I suspect the grasses in both situations were native, but grasses are complicated and very diverse for us aquatic types. Both of these had Johnsongrass, Sorghum halepense, which I have read is native although my great-grandmother told me that her family brought it from Kentucky. She also told me she was chased by a hoop snake as a child, now apparently extinct, but she did know her flowers. Johnsongrass thrives in disturbed soils, but requires a lot of moisture, hence its success.

    • My family and I live on a ranch southwest of San Antonio. In earlier years ranchers brought in an African native grass locally referred to as “Guinea Grass.” It grows in thick groves to heights taller than a man. Once it ignites with any wind, it is very hard to extinguish. It particularly likes to grow under live oak trees. We had a fire a few years ago which swept through the grass, killing live oaks that must have survived many fires. It stopped only when it got to the river. I tried to get rid of it by spraying, but that was a losing battle. I finally had to put cattle back on the property. Guinea grass is their favorite grass, and it rarely gets higher than a few inches now.

      • Very interesting, what county is that? My grandfather’s farm was the focus of what is now the town of Live Oak, I spent WWII watching planes from Randolph AFB. He sold it before the height of the drought, but as I recall trees survived. It was in the Blackland Prairie, not many oaks. He also had property S of town which I never saw. Until a few years ago my son had property in the Hill Country outside of Blanco, usual woods, prairie, creek and pond, no grazing. I sat down with a grass book and tried to identify species. All were native, nothing like you describe which sounds hard to miss, but some up to a meter. I had lots of Botany, but never a grass course, however.

        I still have family up there, will check it out. Old historical accounts had coastal prairie claiming grass that high, but don’t think it was in the shade. Indians burned at least some of it. Also I’ve camped in west Texas and traveled in the west, seen a lot of burnable country. Talked once to a botanist in Big Bend studying a grass fire after a wet spell, he said that’s what it takes, and lots of exotics get brought in.

  5. It is always such a pleasure to be educated by observation/empirical evidence-based arguments.

    I would love to have been taught by Jim Steele and take whatever opportunities I can to learn from him in middle age….

  6. Never mind invasive grass, how about invasive sagebrush.

    Some believe fire suppression and overgrazing by livestock have allowed sagebrush to expand its range and invade grasslands since European settlement. link

    • Overgrazing was a huge problem for promoting more grasslands but increased sagebrush is usually the result of lowering the water table . We restored a meadow that had been taken over by sagebrush because the hydrology had been disrupted. Fixed the hydrology and most of the sagebrush died, In drier areas like the Great Basin deserts in Nevada sagebrush is the naturally dominant plant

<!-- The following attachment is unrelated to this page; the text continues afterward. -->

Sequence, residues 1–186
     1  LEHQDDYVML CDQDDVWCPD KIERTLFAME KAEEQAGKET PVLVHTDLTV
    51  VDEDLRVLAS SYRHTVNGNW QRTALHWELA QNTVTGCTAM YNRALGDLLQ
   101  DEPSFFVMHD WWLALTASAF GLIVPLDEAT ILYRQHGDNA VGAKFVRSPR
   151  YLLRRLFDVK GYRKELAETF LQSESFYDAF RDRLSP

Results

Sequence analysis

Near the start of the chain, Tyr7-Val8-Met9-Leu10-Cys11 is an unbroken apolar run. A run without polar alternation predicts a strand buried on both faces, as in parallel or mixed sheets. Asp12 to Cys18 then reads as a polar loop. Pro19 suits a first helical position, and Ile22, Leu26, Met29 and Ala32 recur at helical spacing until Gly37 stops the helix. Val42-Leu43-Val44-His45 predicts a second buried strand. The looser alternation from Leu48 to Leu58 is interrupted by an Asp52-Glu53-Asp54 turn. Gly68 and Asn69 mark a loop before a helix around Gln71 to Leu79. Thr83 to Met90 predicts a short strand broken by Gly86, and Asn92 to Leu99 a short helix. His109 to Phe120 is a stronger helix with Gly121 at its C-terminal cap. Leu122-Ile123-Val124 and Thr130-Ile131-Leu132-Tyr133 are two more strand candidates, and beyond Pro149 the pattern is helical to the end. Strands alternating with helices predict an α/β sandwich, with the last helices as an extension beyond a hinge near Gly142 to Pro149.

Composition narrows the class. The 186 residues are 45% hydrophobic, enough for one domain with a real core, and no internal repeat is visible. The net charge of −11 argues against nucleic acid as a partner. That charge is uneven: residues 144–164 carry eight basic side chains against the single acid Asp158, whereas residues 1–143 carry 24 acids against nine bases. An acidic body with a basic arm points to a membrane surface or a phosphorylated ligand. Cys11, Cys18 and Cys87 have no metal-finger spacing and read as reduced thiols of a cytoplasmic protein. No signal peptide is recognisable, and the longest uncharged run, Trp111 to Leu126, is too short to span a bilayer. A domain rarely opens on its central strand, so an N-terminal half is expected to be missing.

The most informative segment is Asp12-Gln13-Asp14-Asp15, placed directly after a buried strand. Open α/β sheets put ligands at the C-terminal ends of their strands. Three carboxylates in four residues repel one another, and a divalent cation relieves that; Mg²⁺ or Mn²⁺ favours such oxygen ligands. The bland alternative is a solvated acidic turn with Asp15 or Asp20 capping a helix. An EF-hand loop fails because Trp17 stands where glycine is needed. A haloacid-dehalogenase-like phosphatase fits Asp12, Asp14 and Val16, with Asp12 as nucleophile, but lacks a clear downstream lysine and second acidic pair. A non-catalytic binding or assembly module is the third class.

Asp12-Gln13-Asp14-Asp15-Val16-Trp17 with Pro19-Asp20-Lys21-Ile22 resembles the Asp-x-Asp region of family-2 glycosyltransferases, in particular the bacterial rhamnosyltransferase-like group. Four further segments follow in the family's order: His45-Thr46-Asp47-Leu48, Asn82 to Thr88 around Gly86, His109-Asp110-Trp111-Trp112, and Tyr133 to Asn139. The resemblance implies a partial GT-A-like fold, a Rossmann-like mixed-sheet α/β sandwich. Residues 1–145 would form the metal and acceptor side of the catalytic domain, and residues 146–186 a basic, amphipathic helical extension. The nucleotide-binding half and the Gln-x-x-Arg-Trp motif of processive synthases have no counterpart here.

7. This is the reason we have controlled burns in my AO: get rid of undesirable invasive plants. No one around here objects to it at all. In some place, goats are also sent in from a dairy goat farm to clear undesirable plants.

    So far, we have NOT had any such devastating fires at all (knock on wood). Must be the difference between common sense here and the lack of it in California.

    • Cheatgrass does well wherever the land has been disturbed like roadsides or from overgrazing. Humans have increased ignitions causing more frequent fires in scrublands which then convert scrublands to grasslands.

      • Further to the Sage Grouse problem:

        Cheatgrass is an Asian species introduced to North America accidentally in the late nineteenth century. Since introduction it has been remarkably successful at invading the sage scrublands of the Basin and Range province, transforming the landscape (especially burn scars) to annual grassland. It is of little nutritional value and is not eaten by grazing animals. It usually dries by June forming excellent fuel for wildfire early, thus extending the fire season.

        The plight of the Sage Grouse though, is not so much due to loss of sagebrush habitat, but to the proliferation of its primary predator, the common raven. Since being Federally protected under the Migratory Bird Treaty Act of 1918, raven populations in the Great Basin have exploded, and Sage Grouse and other ground-nesting species have been decimated. There will be no recovery of Sage Grouse populations until raven populations are controlled.

        • It doesn’t really matter if the cheatgrass is disliked by grazers, since we’ve eliminated most of them in central CA. The Tule Elk are almost extinct, Roosevelt’s are gone, and the only big wild herbivores we have left are deer or cattle. Deer browse rather than graze, and there’s active animus to cattle in CA from the safe space vegan crowd. So, nothing eats the grass. Then it burns.